Before Christmas 90 back bench MPs from across political parties tried to change this, we wrote to the Prime Minister calling for this approach. Likewise in my role chairing the committee that calls the PM to give evidence, I told Theresa May that Select Committees (which work across Party political lines), stood ready to help. The fact is that no Party has a monopoly on good ideas on how this funding could be achieved and in a hung Parliament it needs cross Party working to get change such as this across the line.
No one wants to have to fork out but the truth is that we need to be prepared to pay more to support health and care services or services will decline. There are serious questions about whether it is fair for this to fall entirely on those of working age through taxes. My personal view is that it is not and that we should look at how it could be shared fairly across generations.
I know many people argue it is time to introduce charges to the NHS but this risks widening inequalities and also introduces costs and bureaucracy associated with collecting these relatively small payments. I know, as a former GP, that many of my sickest patients struggling on low incomes would have delayed coming to see me had there been a charge. This can end up not only with worse consequences for health but costing the NHS more in the long run. I also feel strongly that charging for appointments would go against one of the great founding principles of our NHS, that it is free at the point of need. It's what makes our system the fairest in the world and we should beware undermining that.
I believe the best way forward is stick with our tax and National Insurance based system as the core funding but look again at how National Insurance is collected and from whom so it can became dedicated to funding the NHS and social care.
It is time for an NHS and care convention to explore all the funding options and explain these clearly to the public and to look again at the options for sharing the costs of social care so that we no longer have the awful care costs lottery of one in ten people over 65 facing catastrophic costs.
A convention should not ignore the ongoing need to reduce waste in our NHS and I hear many examples of this in my work as chair of the Health Select Committee. Making sure that all areas learn from the best performing Trusts for example. Progress is being made in many areas already, for example driving down the huge variation in the amount the NHS pays for identical products. We also have to go further on prevention. Anyone who has spent time in an emergency department on a Friday or Saturday night will know how much drunkenness adds to the workload and avoidably ramps up waiting times.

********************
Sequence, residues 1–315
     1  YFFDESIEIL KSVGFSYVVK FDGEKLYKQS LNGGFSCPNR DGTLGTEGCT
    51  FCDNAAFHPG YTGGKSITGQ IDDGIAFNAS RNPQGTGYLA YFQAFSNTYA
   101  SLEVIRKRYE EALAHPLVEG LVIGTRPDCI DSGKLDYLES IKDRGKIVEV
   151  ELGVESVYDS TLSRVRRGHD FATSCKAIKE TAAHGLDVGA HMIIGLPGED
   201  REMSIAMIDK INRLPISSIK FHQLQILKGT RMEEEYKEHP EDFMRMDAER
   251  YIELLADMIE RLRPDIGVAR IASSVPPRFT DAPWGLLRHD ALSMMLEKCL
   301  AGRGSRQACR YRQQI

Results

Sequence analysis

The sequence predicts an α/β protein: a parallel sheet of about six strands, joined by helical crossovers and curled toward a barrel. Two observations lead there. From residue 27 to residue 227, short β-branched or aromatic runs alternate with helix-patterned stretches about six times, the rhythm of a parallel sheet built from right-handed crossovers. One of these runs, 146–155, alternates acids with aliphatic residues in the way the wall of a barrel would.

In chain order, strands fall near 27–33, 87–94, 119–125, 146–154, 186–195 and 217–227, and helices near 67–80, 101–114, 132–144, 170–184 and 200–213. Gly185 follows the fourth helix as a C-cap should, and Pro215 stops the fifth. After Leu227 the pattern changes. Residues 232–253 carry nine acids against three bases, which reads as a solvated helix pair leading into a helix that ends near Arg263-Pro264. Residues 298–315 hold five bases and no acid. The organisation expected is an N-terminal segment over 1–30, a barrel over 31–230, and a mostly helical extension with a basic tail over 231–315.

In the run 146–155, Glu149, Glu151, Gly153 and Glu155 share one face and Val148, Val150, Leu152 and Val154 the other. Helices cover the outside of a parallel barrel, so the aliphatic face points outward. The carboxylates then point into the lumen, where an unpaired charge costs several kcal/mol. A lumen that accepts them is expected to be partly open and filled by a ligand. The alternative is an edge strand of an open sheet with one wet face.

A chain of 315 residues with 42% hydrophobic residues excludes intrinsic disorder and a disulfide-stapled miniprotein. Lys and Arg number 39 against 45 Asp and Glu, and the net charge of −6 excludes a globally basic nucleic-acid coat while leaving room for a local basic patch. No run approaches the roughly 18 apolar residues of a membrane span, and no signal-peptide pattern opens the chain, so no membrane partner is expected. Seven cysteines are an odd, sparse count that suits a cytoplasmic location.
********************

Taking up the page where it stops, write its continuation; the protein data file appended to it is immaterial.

It's easy to focus on the negative stories but the fact remains that our NHS and is doing a remarkable job and in its 70th year we should should celebrate it's successes and grasp the opportunity to make sure that it can not just survive but thrive. Rather than seeing health and care spending as a 'bottomless pit' we should view funding these properly as a source of national pride. These discussions have now become a national emergency and its time to ditch the Party politicical bickering and make it happen for the whole system our NHS, social care and public health.
This week I voted for an amendment to the European Union Withdrawal Bill because it was necessary to guarantee that there can be Parliamentary scrutiny and sovereignty as we return control of our laws from Brussels. There have been strong opinions on both sides of the argument about this, and even suggestions that by backing this amendment I have somehow blocked Brexit, or increased the likelihood of another election. This is not true. I respect the referendum result and voted to trigger Article 50. We are leaving the European Union but need to do so in a way that leads to as few unintended consequences as possible.
In returning powers from Brussels we must not exchange one system with poor democratic oversight for another. As we take back control of our laws, Parliament has an important role to play in scrutinising the government's work. Both in my role as Chair of the Health Committee and as a Constituency MP it is my duty to be look closely at both the pitfalls and opportunities of the various options for the type of Brexit ahead.
Clause 9, which I and colleagues voted to amend, had such far reaching consequences that I have copied it verbatim below:
A Minister of the Crown may by regulations make such provision as the Minister considers appropriate for the purposes of implementing the withdrawal agreement if the Minister considers that such provision should be in force on or before exit day.